Folks in the business world know that it’s a lot easier to sell to existing customers than to find new ones, and this theory certainly applies in publishing. Once you land a byline with a magazine or website, the editorial ground is especially fertile for you to reap lots more work—if you play your cards right.
Here’s what veteran editors say you can do during and after that first assignment to keep the checks rolling in.
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DURING THE FIRST ASSIGNMENT:
1. Do your BEST work
First impressions are everything, so it should go without saying, that the best way to get on an editor’s good side and increase the odds of getting more work is to do a stellar job on the first assignment.
“Freelancers that write consistently for the book or online all pretty much have the same story,” said Jermaine Hall, speaking of his time as editor-in-chief of VIBE. “They got their first assignment, and they were super ambitious. It showed that they were hungry, they were willing to work, and they were willing to go above and beyond to get the story.
2. Don’t make assumptions
You know what they say about people who assume? Well, in the publishing world, you don’t just make an ass of yourself—you also make for a one-and-done writer.
Landing an assignment with that pub you’ve been eyeing for some time is certainly a major coup, but don’t feel so pressured to prove yourself that you neglect to ask any necessary questions for fear of seeming amateur or unintelligent. For Amy Spitalnick, former senior editor of Vegetarian Times, the most unprofessional thing you can do is to assume you know what the editor is looking for.
“Editors know their readers, and they’re looking for a particular tone and angle, and you need to really talk to the editor to get a feel for that,” Spitalnick said. “I would rather have somebody ask a question than to second guess me and submit copy that suggests they’re more interested in doing their own thing…”
Her advice is simple: “Ask the editor, ‘What is the connection that you want to make with your reader, and how can we work together to make that happen in this piece?'”
3. Revise, revise, revise
Yes, you’re a brilliant grammar ninja, but you still need an editor.
“On the first couple of assignments, don’t give too much push-back, resisting editorial changes,” suggested Bruce Fretts, senior articles editor of Closer Weekly. “Then, once you develop a relationship with the editor, I think you can start to engage a little bit more if there are changes that you don’t agree with.”
Hall also prefers working with freelancers who take direction well. “I don’t like when writers take edits as suggestions,” he said. “I like writers to really show me that they’re following the edits that were given, because there’s a plan in place and a bigger picture, which is to get the greatest story.”
AFTER THE FIRST ASSIGNMENT:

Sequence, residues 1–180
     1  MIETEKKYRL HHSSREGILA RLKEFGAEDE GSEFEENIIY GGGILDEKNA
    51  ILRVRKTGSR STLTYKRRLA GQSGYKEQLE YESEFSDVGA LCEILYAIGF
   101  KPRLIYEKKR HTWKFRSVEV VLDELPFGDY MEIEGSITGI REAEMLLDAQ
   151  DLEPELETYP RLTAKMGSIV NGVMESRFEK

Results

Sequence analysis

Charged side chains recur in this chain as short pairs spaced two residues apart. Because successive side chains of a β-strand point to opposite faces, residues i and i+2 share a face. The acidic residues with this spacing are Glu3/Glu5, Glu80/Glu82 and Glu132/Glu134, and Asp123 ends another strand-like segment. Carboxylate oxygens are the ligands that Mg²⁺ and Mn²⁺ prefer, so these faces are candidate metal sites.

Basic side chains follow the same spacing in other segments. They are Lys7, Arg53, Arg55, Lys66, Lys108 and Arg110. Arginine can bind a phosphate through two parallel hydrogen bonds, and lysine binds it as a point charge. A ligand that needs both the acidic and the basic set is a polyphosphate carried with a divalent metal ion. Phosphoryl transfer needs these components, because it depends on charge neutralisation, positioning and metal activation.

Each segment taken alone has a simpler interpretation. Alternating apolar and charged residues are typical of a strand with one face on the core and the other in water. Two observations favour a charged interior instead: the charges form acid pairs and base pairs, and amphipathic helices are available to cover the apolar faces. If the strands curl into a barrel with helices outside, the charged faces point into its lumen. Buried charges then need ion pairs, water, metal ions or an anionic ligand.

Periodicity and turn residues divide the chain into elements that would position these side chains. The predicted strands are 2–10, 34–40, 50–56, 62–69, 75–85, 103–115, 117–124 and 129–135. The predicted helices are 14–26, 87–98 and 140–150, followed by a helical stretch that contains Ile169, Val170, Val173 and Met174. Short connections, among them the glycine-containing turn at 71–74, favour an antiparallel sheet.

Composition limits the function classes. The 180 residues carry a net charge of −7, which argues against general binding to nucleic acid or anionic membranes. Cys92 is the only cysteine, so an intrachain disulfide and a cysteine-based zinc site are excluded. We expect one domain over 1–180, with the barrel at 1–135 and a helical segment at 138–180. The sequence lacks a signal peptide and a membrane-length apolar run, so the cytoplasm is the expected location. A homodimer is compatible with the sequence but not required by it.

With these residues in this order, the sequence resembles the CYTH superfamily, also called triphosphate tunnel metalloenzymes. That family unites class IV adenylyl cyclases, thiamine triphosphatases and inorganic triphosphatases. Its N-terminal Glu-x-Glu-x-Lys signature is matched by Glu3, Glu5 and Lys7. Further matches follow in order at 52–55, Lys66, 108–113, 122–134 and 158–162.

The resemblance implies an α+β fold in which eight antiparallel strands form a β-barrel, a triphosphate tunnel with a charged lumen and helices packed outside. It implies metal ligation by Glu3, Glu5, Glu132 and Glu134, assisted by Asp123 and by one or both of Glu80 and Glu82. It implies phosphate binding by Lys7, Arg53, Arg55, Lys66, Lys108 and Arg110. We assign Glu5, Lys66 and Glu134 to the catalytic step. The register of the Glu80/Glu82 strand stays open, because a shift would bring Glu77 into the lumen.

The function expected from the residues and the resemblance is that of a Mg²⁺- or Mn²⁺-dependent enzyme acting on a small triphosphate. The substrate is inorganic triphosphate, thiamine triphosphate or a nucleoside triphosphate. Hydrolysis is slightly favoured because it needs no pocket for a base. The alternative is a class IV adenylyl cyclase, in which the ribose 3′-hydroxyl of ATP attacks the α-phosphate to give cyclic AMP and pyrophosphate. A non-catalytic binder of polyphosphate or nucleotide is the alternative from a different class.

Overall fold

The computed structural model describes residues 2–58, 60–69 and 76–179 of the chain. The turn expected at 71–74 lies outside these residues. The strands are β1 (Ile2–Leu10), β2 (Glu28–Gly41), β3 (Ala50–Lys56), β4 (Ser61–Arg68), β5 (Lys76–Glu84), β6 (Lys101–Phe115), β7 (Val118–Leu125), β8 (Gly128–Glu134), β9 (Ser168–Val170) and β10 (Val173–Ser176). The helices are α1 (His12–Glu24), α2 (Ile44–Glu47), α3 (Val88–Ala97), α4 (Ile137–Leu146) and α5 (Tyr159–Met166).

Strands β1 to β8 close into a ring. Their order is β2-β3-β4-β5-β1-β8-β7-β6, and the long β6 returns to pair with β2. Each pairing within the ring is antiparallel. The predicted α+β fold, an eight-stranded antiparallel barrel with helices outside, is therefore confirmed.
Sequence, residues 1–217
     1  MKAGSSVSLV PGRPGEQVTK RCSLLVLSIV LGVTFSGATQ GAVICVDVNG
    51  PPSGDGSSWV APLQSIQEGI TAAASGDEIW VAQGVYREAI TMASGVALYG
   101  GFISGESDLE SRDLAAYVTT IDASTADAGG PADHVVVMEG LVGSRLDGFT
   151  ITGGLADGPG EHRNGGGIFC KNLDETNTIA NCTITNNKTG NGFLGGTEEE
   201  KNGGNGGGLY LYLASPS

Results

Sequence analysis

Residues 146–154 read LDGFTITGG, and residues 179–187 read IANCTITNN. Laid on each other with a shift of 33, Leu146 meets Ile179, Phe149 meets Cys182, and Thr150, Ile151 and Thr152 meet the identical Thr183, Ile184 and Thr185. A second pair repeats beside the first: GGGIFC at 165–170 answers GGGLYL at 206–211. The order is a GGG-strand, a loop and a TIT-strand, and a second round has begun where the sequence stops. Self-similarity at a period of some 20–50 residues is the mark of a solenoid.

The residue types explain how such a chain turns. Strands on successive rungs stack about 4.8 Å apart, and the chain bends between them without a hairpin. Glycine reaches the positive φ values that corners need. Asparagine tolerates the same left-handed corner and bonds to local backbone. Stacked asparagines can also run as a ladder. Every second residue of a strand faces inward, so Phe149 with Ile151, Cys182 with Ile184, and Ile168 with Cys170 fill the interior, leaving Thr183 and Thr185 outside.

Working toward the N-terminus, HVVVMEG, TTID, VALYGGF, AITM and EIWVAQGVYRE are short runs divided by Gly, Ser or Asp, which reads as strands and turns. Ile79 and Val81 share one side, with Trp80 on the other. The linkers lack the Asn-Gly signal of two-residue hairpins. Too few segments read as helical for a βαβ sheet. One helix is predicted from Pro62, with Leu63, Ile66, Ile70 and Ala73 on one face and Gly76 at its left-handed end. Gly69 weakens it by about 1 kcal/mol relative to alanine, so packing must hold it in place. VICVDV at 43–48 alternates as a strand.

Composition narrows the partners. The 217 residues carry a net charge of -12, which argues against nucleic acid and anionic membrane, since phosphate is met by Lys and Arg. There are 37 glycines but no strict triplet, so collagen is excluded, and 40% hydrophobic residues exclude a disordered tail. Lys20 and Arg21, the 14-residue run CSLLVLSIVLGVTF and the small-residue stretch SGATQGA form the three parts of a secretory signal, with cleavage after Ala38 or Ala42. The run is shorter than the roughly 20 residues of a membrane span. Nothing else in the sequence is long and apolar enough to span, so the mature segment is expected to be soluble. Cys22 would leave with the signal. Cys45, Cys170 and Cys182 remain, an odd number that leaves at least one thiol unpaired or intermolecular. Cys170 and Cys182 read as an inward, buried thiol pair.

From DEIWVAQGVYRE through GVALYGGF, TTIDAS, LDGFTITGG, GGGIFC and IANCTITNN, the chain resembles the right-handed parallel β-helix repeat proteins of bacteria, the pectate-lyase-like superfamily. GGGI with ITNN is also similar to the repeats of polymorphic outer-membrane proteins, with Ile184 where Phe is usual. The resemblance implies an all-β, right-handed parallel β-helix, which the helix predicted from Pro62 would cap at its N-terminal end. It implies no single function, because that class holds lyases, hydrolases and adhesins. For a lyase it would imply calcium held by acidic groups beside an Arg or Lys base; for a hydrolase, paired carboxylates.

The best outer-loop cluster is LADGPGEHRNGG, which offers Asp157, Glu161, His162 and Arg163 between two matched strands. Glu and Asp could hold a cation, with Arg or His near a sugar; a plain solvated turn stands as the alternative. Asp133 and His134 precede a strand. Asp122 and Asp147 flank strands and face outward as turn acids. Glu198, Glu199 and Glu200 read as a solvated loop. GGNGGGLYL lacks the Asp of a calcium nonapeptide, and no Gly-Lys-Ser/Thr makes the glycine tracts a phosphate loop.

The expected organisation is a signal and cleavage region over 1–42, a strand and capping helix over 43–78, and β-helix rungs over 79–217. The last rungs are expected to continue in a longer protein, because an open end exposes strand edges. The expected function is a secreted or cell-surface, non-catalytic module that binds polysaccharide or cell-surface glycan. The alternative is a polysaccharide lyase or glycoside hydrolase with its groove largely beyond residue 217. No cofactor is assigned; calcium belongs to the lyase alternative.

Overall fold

4. Follow up
As a freelancer hustling from one assignment to the next it can be easy to take the money and run once final edits have been approved. That’s not, however, a good strategy for landing more work. Writing can be extremely solitary, but developing strong relationships with editors is key if you’re not too keen on subsisting entirely on Top Ramen.
Once your piece runs, a simple thank you to the editor for polishing up your article and making it publish-ready can go a long way, said Fretts. “Drop an email and say that you appreciated the assignment and their work,” he explained. “Don’t just make it a cold business relationship.”
5. Keep pitching (and reading the magazine)…
There are few things that an editor loves more than a freelancer who is armed with a never-ending supply of fresh ideas. Yet, while most freelancers understand the importance of getting familiar with a publication before sending an initial query, few know to continue reading the mag after they’ve landed their first story.
“I can’t tell you how many times this has happened,” recalled Spitalnick. “Somebody’s done a piece for me, and then they pitch something that has really no place in the magazine, and that tells me they aren’t continuing to look at the magazine. So, I would say, if you’re serious about setting up a relationship with an editor at a magazine, you need to read the magazine and become familiar with it.”
Once you have an idea that you think is a sure sale, don’t fire off a lazy email just because you now know the editor on a first-name basis. Taking the time to develop a fully fleshed-out pitch is critical.
“I’ll get an email that says, ‘Jay-Z has an album coming out this summer, and I’d love to do a story on him,'” said Hall, who believes that good pitching is a lost art. “That’s the whole pitch, but I still need to know the unique angle for the story. How are you going to help me sell magazines? What’s the sizzle?”
Specifically, Hall looks for a concise email (“If I can’t see your road map in four paragraphs, chances are I’m not going to keep reading”) that explains why the story is important, the direction the writer is going to take within the story, what interesting thing the writer is going to expose and how he or she plans to expose it.
6. But don’t be a stalker!
You may think it’s a good idea to stay top of mind with weekly emails letting an editor know that you’re “still accepting assignments,” but it’s not. At all. Editors are generally working on multiple stories simultaneously, so if you’re going to email, make sure there’s a great pitch inside it.
Fretts likened freelancing to dating, adding that writers have to carefully toe the line between nurturing a budding relationship and not coming off as an overzealous bug-a-boo.
Spitalnick was more direct: “If you’ve done a good job, I will be in touch with you,” she said. “Do not waste editors’ time with a ‘Hi, how are ya?’ ”
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